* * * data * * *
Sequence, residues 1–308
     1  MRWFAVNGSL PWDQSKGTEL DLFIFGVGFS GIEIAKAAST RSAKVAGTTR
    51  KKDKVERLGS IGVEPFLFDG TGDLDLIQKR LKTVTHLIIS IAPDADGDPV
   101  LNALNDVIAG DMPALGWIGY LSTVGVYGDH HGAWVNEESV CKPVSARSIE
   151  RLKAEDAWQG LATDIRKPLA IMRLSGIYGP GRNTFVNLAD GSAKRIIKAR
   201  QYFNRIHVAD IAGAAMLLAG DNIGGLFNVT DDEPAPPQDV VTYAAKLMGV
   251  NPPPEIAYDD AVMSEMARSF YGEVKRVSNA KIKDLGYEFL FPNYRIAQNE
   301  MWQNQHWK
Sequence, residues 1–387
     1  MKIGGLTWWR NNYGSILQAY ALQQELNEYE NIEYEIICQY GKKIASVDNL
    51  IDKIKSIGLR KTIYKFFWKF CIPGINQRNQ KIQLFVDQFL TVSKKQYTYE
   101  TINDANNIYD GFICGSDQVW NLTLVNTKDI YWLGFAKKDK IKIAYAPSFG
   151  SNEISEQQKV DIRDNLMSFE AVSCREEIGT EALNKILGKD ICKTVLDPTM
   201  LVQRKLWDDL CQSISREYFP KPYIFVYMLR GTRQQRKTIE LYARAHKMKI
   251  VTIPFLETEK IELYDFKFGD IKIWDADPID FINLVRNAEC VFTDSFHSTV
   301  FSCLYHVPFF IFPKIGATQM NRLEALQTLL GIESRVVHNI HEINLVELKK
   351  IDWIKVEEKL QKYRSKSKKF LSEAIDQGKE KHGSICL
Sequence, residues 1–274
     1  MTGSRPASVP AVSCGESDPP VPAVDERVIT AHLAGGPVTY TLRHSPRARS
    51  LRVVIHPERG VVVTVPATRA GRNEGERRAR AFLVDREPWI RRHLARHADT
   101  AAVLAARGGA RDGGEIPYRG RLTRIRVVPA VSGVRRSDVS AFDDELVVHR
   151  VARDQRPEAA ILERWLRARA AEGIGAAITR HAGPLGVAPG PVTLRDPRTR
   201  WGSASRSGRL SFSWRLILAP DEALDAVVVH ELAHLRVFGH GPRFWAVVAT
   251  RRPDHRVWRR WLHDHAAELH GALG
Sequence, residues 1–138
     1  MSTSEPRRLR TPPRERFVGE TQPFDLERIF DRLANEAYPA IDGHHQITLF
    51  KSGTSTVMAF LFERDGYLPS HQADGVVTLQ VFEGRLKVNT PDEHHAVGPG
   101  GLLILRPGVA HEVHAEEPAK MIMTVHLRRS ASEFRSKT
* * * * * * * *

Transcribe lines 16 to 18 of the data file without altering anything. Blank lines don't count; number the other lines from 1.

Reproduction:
   301  FSCLYHVPFF IFPKIGATQM NRLEALQTLL GIESRVVHNI HEINLVELKK
   351  IDWIKVEEKL QKYRSKSKKF LSEAIDQGKE KHGSICL
Sequence, residues 1–274